I’m a recently retired middle school librarian(and teacher)and Sarah’s books were among the highest circulated books in our library ALWAYS…she was and IS an important voice in YA literature. I personally loved each of her books…any negativity must be jealousy pure and simple.— Bookchick 53 (@JuliaBo53) November 13, 2019

Author Jennifer Weiner thinks this is a #MeToo moment, because not reading young adult books is obviously like rape:

And I will piggyback in what Jodi said, with a reminder: when we tell teenage girls that their stories matter less — or not at all — there are real-world consequences. #MeToo— Jennifer Weiner (@jenniferweiner) November 13, 2019

You’ll note that she’s upset that teenage girl drama is not being taken as seriously as a black man being being sentenced to death for a crime he did not commit. The struggle is real, y’all.

And then there was this, which Weiner seems to have deleted, perhaps when someone pointed out to her that anyone can serve on the committee, no one is turned away:

Weiner even went to the news article to comment, saying that it was sad the college student had “internalized misogyny to the extent that she can see nothing of worth in books beloved by ‘teen girls.'”

If I were the young woman being mentioned, I’d take some screen shots of these comments for my C.V. Getting dog-piled by people like this should be worth something. Cheers to college students who have standards for what the kind of books they want to consume.

Nancy Edison as a model homeschooling mom and proponent of intellectual play

My mother was the making of me. She understood me; she let me follow my bent.

Thomas Edison, on his mother, Nancy Edison
Thomas Edison’s parents

For many months now, our seven-year-old daughter has been begging me to allow her to turn a corner of our house into her “personal laboratory.” Those are her exact words. She wants a laboratory because she feels like she has important research to do, and naturally, she needs privacy, space, and legitimate research equipment for that. She even considered taking over part of the garage, until I reminded her that working in the garage would be like sitting under a broiler during a hot Florida summer.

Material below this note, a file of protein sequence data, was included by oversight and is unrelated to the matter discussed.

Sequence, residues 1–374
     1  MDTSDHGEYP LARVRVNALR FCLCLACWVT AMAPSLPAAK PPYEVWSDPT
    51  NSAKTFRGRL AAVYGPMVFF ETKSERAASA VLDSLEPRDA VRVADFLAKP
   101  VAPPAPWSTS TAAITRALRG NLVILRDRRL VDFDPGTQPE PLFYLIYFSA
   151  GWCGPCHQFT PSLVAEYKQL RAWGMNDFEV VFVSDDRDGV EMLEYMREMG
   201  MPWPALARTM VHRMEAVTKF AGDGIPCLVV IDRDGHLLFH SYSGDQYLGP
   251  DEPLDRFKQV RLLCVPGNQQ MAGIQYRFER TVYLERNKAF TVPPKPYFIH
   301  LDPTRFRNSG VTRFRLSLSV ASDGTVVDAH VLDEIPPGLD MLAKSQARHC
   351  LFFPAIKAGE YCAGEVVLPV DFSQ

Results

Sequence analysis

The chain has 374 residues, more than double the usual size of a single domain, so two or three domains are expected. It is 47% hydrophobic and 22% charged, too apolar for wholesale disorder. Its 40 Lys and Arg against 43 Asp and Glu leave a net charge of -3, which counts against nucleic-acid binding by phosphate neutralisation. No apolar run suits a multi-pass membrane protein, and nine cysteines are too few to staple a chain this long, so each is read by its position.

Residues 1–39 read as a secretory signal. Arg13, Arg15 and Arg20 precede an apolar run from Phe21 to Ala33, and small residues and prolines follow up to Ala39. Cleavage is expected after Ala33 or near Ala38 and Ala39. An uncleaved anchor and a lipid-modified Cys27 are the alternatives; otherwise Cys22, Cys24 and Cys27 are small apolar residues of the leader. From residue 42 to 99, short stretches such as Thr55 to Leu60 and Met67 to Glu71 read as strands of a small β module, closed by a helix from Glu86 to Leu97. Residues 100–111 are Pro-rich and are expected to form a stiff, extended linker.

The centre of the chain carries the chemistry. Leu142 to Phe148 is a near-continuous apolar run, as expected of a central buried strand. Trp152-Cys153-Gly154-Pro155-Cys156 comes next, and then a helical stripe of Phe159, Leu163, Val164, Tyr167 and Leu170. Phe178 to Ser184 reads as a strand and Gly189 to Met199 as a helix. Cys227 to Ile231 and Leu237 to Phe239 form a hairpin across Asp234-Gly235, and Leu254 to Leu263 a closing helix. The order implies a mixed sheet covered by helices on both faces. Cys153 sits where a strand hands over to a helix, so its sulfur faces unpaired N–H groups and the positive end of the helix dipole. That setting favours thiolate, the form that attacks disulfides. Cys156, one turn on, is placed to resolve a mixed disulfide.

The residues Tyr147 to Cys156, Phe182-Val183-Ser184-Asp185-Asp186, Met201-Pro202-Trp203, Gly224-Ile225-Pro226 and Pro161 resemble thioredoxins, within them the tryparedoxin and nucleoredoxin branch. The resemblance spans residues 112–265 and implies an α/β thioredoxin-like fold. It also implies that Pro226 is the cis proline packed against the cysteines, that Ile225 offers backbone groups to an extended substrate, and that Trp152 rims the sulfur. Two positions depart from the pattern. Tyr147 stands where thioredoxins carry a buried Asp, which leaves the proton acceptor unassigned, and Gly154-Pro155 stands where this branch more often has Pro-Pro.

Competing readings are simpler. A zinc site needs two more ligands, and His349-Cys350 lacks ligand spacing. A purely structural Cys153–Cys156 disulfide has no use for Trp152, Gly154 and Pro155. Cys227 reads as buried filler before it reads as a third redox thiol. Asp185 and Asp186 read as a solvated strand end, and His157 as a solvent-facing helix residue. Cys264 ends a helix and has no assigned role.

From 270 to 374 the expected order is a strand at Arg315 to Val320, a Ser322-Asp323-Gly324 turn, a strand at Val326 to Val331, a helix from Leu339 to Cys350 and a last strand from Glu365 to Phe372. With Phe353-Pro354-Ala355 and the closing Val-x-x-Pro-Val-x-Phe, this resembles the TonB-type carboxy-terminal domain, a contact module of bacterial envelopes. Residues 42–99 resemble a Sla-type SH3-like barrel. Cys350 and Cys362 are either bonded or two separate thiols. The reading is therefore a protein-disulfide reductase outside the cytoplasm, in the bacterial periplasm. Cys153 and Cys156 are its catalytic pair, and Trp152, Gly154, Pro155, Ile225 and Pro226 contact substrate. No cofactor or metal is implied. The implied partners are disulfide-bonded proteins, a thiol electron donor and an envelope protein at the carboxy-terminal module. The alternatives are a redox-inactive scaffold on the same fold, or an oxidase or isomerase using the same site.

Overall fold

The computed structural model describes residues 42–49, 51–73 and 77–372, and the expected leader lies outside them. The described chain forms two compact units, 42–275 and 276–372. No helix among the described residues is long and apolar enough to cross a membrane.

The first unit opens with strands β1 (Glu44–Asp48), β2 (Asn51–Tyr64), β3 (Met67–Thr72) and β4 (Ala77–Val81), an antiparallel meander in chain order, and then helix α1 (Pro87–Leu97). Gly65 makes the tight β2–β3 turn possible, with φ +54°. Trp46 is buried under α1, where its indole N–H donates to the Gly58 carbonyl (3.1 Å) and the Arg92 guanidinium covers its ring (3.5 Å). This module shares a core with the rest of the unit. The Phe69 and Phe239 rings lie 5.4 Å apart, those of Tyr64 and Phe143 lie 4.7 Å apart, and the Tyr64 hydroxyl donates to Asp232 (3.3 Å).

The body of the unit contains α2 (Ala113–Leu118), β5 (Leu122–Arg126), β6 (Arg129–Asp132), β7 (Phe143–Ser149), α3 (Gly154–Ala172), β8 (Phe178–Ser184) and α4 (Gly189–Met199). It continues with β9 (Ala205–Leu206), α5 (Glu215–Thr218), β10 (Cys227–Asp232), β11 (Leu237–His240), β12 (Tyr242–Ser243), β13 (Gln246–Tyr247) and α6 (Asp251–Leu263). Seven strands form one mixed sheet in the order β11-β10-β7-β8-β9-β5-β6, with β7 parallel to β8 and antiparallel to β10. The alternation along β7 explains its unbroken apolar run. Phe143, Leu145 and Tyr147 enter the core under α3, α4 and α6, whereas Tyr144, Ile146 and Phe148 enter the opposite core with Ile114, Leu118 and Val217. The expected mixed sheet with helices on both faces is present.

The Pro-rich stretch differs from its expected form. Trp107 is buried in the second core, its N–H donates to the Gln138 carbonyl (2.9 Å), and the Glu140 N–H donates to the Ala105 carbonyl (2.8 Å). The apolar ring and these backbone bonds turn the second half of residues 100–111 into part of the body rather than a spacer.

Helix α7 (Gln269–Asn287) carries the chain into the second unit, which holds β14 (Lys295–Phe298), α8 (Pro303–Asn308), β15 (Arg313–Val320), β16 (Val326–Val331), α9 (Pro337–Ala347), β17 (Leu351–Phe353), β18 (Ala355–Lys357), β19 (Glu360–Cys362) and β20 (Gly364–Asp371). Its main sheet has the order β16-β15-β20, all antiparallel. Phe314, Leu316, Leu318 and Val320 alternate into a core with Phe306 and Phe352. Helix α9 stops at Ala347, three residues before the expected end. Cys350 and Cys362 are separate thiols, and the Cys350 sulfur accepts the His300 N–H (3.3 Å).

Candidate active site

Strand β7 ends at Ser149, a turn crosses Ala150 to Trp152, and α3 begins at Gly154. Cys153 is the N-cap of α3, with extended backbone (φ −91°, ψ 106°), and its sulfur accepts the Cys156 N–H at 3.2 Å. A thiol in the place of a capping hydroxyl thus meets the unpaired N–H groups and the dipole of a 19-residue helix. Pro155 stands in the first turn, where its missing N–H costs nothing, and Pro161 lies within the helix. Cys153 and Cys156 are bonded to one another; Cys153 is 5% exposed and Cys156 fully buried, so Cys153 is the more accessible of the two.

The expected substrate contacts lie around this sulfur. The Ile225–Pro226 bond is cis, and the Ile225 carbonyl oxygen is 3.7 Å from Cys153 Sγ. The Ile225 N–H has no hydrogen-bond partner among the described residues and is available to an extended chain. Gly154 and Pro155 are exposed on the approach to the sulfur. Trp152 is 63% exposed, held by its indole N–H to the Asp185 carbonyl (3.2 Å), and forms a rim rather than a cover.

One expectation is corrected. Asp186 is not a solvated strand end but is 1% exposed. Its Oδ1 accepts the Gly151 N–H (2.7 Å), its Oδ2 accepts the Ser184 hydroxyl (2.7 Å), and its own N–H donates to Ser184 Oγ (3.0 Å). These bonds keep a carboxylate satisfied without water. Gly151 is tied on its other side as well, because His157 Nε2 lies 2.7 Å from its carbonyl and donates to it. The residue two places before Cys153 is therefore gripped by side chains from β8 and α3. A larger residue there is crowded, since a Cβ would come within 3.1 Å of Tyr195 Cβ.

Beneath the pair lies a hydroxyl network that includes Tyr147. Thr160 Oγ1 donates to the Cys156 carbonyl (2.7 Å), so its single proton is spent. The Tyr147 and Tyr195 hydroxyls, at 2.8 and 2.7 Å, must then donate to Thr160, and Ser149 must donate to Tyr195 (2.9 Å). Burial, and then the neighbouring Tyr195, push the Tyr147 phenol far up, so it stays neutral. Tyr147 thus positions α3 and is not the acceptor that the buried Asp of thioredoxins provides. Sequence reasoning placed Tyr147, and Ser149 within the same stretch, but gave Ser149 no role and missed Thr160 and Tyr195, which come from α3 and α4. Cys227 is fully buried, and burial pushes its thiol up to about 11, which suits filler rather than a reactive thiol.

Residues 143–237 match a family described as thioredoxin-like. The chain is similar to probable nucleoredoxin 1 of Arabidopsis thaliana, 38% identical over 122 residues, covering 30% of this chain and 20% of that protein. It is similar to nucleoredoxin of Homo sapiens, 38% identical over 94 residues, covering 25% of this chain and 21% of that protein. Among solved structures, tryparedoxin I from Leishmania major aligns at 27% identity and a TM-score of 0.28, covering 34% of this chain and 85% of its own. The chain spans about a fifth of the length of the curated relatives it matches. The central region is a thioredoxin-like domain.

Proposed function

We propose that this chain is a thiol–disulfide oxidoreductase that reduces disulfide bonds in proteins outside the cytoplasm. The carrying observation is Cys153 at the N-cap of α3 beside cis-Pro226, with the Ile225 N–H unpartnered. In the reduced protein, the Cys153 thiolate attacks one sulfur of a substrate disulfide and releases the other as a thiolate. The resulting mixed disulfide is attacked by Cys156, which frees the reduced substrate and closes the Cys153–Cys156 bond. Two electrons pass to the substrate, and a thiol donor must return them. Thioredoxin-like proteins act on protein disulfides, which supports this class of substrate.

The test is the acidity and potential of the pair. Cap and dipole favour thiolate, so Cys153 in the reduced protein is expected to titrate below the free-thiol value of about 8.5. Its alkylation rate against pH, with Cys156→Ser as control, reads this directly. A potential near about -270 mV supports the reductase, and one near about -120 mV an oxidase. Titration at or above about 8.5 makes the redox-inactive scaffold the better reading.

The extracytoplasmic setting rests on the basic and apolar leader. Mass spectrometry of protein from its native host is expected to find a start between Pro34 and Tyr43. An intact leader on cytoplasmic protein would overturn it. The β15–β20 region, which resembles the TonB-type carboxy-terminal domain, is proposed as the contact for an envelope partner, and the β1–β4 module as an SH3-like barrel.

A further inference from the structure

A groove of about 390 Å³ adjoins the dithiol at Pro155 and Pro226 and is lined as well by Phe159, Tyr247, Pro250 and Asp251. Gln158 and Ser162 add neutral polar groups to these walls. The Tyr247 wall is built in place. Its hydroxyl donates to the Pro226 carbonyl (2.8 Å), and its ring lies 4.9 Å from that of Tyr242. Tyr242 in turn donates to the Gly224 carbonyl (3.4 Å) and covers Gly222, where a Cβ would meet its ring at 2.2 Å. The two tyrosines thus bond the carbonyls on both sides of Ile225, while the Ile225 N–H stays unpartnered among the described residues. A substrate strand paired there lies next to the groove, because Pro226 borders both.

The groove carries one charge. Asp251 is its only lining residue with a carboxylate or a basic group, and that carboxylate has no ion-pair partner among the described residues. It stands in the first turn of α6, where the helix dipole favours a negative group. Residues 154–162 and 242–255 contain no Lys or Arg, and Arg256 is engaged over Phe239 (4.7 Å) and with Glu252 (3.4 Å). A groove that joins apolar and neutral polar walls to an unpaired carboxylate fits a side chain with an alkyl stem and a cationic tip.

I am not of the persuasion that is saving my house for some HGTV or Marie Kondo aesthetic. Cold, neutral, minimalist spaces bore me to tears. We have thousands of books that have pretty much have become a form of furniture in themselves, fossil displays, art from all over the world. Our walls are claret, semolina, turquoise, even lavender. (Comme il faut for Florida, in my opinion. Who moves to Florida to get away from color?) My decorating inspiration is more Indiana Jones than Joanna Gaines. So why not let the kid set up a laboratory in the corner?

It strikes me, however, that wanting a personal laboratory is not a “normal” request for a young child, especially when most of her peers are obsessed with princesses, soccer, and (unfortunately) smartphones. It seems to me that if you have the kind of child who is asking for a laboratory, that is something you absolutely must make happen.

It’s no exaggeration to say that Elise has been in love with science – especially biology and ecology – since she learned to speak. She was born very premature and with various medical issues (now fully cured) and spent most of her early years in hospitals surrounded by specialists and nurses. They loved her precociousness and would often take the time to answer her mechanical questions about how different parts of the body function (and malfunction) and the purposes of specific medical equipment. She fully understood that an army of doctors and nurses brave enough to perform surgery on a tiny newborn saved her life, so people who are good at science are her heroes. They are the people in her world who create and improve.

As such, Elise has never had what I call the “princess phase.” She’ll let you put a bow in her hair or paint her nails, but she’s not capable of caring about it for more than a few minutes and certainly does not seek “girly” things out. She spends most of her free time running around outside, usually with a net and a plastic box that she bought at the pet store for collecting insects and lizards. Our only rules are that she can’t collect pollinators or bring any snakes into the house. (And she will sulk if you do not let her take samples on vacation. We came back from Ft. Lauderdale with two shopping bags full of coral and sponges that she refused to part with despite their vomit-inducing stench. They are still sitting on the front porch.)